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Music

The music in Morgan’s orbit is also out of her control. Sometimes it’s her brother’s electro-goth spooky Skinny Puppy. Sometimes it’s the bittersweet Psychedelic Furs someone is singing along to in her car, and sometimes it’s 我的快乐就是想你 by 陈雅森 。

 

 

Many thanks to the cab driver in northern China who had this song playing on repeat one sweltering Saturday morning.

Books

This book has books in it, from the Criminal Code of Canada to the Bible to The Dungeons and Dragons Player’s Handbook itselfThe book that figures most prominently is probably a graphic novel version of Inferno from Dante’s Divine Comedy/Divina Commedia. I didn’t have any particular version in mind but I did imagine it illustrated with Gustave Doré’s definitive wood cuttings. Here is one of my favourite pieces from the Paradise book of  the Divine Comedy, the Celestial Rose.

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I think it’s probably Morgan Turner’s favourite too.

 

 

 

Author Copies of “The Apocalypse of Morgan Turner” Have Arrived in Alberta

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My kids forgot to mention the heavy brown box that arrived today until I found it by the front door myself. I un-boxed my author copies of my brand new novel on the kitchen counter while my charming low-key 16-year-old did some charming low-key cheering. For the first time, the cover is glossy instead of matte, which feels better in my fingers. The colours are from somewhere on the food spectrum and make me a little hungry. Now that it’s here, my husby is reading all of it from start to finish it for the first time. So, yeah, super nervous.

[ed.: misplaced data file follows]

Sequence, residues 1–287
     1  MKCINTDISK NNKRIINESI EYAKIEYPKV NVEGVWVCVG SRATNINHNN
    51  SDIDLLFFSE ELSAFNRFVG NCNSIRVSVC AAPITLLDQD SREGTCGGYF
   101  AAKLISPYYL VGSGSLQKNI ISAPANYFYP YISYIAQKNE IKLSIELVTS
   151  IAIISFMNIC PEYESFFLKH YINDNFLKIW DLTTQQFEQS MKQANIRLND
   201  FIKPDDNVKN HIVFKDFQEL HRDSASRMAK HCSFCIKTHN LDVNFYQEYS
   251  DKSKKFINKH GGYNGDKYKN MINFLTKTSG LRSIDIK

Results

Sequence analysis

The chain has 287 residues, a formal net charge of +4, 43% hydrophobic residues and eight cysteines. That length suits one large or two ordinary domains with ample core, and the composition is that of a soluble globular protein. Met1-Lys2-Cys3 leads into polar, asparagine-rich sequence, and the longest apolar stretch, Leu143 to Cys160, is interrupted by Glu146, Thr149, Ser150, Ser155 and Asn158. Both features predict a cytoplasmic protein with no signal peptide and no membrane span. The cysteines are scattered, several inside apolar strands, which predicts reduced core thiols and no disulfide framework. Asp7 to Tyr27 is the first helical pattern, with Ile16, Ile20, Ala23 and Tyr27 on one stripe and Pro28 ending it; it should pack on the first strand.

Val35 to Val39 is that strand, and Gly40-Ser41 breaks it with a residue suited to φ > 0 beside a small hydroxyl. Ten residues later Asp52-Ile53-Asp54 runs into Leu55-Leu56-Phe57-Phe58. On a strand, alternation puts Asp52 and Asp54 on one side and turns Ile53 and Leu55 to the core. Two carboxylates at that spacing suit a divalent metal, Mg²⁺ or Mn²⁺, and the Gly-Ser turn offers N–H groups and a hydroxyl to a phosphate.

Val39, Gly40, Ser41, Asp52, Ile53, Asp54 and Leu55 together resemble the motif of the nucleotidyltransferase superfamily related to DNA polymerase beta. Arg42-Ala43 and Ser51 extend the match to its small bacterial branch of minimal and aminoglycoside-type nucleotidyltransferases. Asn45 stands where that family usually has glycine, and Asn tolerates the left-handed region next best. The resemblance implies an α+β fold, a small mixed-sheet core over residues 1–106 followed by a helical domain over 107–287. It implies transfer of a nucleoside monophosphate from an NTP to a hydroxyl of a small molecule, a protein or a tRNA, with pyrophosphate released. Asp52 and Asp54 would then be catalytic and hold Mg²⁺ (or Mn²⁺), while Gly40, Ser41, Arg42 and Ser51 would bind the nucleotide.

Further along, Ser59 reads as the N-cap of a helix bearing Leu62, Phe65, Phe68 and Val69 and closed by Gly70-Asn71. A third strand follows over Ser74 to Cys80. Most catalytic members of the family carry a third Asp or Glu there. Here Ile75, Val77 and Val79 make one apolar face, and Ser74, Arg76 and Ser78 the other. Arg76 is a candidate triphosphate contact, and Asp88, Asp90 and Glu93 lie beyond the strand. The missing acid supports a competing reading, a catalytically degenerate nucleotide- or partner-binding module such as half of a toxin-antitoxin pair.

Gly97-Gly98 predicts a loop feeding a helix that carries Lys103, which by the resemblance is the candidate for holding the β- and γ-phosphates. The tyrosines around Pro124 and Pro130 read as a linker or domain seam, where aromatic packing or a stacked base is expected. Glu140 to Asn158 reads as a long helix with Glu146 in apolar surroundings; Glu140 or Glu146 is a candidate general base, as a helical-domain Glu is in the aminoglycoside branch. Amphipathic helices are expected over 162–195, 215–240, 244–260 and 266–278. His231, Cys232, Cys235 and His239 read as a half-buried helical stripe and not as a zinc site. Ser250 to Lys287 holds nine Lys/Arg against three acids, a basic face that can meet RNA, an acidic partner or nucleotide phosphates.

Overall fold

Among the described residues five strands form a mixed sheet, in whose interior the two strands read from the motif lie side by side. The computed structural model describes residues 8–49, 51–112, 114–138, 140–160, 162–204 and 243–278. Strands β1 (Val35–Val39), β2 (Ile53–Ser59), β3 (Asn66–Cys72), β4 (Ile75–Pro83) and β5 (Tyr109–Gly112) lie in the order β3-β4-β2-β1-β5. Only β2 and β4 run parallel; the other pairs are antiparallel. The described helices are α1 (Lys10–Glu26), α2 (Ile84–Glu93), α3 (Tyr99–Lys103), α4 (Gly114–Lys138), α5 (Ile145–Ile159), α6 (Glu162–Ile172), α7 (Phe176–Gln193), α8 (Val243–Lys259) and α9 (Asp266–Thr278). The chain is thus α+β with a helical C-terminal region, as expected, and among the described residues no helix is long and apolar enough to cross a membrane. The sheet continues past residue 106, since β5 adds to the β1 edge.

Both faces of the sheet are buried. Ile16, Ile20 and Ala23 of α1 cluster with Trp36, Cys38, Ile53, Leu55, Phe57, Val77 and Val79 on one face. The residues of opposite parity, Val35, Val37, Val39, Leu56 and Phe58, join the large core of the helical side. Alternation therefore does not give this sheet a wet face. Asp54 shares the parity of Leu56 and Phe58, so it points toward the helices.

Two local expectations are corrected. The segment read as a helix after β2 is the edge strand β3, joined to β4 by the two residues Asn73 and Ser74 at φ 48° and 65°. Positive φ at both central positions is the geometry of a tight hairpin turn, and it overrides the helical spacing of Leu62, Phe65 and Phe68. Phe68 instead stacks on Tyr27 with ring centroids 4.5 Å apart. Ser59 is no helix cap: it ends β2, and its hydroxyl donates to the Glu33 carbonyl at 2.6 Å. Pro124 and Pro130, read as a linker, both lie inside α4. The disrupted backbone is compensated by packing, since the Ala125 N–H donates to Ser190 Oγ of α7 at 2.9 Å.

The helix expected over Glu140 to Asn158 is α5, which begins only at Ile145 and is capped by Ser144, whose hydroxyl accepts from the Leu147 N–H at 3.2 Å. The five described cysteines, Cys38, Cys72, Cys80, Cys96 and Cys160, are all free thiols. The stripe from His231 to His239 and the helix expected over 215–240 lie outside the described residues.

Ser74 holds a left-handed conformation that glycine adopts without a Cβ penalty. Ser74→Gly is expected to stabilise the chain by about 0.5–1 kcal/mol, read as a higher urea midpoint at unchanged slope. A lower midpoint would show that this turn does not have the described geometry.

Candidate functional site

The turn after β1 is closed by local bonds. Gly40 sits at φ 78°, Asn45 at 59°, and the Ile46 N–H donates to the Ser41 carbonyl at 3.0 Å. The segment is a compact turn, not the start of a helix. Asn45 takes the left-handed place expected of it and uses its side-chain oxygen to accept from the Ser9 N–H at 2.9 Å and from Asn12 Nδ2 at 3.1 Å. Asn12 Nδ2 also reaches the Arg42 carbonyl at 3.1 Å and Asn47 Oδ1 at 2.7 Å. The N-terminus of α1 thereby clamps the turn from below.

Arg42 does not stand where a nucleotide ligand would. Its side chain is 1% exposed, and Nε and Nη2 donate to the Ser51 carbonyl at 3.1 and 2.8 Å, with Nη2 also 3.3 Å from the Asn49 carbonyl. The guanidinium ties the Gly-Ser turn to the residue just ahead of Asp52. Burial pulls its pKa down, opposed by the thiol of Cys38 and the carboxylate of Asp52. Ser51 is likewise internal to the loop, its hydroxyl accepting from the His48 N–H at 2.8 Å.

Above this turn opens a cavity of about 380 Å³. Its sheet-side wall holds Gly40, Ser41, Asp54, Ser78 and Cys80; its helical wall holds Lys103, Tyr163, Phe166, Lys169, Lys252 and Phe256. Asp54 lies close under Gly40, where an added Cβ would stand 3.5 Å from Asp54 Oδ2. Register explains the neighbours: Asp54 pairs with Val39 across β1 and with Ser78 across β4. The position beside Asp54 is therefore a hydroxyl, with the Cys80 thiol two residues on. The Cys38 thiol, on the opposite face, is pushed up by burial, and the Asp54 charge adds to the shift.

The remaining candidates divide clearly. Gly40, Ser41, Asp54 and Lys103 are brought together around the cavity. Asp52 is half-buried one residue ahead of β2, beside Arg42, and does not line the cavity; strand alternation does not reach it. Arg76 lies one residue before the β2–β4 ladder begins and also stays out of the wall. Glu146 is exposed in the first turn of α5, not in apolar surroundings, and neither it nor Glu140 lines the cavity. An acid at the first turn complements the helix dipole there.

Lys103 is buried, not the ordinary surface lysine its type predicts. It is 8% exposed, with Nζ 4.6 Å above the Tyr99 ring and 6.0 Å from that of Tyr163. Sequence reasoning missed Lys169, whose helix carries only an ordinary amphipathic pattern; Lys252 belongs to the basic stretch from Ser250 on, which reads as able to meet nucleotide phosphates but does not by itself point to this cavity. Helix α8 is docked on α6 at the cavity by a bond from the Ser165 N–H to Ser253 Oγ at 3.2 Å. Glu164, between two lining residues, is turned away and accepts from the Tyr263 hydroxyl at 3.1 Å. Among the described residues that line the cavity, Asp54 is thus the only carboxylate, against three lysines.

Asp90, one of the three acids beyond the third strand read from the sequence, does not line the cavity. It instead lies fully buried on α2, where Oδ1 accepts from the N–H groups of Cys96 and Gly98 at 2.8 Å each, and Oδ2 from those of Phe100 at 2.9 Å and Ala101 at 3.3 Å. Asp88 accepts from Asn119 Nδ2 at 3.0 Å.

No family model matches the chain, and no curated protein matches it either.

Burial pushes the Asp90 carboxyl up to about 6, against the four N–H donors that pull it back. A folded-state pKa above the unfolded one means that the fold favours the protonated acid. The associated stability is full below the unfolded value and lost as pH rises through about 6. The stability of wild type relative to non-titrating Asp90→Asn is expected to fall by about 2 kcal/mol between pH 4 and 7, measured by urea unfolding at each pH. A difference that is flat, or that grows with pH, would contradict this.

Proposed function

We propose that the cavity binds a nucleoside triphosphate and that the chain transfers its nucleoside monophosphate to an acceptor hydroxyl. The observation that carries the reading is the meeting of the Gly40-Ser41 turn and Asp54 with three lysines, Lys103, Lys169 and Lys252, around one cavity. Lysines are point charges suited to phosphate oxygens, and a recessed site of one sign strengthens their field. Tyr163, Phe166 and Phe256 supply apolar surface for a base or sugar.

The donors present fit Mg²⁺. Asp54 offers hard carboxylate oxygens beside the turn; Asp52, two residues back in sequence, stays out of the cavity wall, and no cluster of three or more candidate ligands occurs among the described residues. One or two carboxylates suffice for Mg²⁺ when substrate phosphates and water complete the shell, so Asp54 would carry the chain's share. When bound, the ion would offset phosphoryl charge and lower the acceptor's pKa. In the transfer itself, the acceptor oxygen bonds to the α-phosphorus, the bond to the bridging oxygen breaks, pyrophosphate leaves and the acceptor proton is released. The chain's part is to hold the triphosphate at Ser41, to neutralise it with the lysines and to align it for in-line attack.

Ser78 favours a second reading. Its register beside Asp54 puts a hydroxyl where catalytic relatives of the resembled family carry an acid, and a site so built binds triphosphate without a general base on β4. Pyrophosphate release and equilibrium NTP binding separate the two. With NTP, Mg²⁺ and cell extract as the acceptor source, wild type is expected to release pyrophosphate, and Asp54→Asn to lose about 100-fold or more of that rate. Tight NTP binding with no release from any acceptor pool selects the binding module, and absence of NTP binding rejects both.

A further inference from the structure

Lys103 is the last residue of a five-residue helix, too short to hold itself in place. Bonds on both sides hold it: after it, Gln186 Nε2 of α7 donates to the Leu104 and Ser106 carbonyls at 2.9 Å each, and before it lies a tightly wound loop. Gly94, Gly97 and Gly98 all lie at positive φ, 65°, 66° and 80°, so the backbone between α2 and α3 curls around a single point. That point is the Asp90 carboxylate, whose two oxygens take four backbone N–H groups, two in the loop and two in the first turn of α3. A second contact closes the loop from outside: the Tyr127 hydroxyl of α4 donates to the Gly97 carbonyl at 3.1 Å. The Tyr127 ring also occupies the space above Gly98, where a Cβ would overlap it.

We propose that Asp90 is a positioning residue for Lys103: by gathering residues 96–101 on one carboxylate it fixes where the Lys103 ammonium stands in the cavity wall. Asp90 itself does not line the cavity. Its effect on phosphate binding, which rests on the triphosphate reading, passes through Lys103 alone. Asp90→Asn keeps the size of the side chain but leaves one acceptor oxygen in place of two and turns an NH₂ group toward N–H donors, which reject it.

One week until it’s officially released!

Raising the Dead: Finally Fixing My French

digAs a tiny girl still not able to read much in my native English, I was taught a little French by the short films pasted into the Canadian version of the Sesame Street program my mother dialed us into to give herself an hour of time for something other than childcare every day. This French was mostly just counting to twelve and “Mon ami, mon ami, mon ami pour la vie…”, but it was not nothing.

When I learned to read English, it became clear that half of the words on the sides of the salad dressing bottles and milk cartons on our dinner table were not English. “Agitez bien”, “Sans arômes artificiels.” My oldest son, who worked as grocery stocker, calls this Cereal Box French and every life-long Canadian knows it.

On the east coast of Canada, French was a mandatory part of the school curriculum, taught in elementary schools with wacky rhymes about lonely old men who dress up brooms as women and with games ending in the taunting victory song “Eh, eh, eh, nous avons gagnéeeeeee…”  My teachers were natural Francophones—Acadians who pronounced “oui” more like “weh”, like I still do when I’m in a French situation and I finally start to relax.

My bff was half Acadian herself, with a Francophone dad who raised her almost completely in English. Still, we’d often speak to each other in a Frankenstein-ian abomination of French and English, ingraining mistakes and bad habits. But Nova Scotia Public School Patois was good for when we were babysitting and wanted to tell each other things without the preschool kids understanding. “You’re talkin’ silly,” one of them told us. How right she was.

I didn’t finish high school in Nova Scotia but in western Canada, in a small town where the oral French exam was simply reading a list of words aloud. This was the fizzling end of my formal French education. But at the restaurant where I worked was a boy my age newly emigrated from France. We spent our shifts speaking mostly in French until my new bff—who had a huge crush on French boy—rightly pointed out how rude this was to the rest of the staff. “And what does ‘salut’ mean, anyway? Why does he always say it to you?”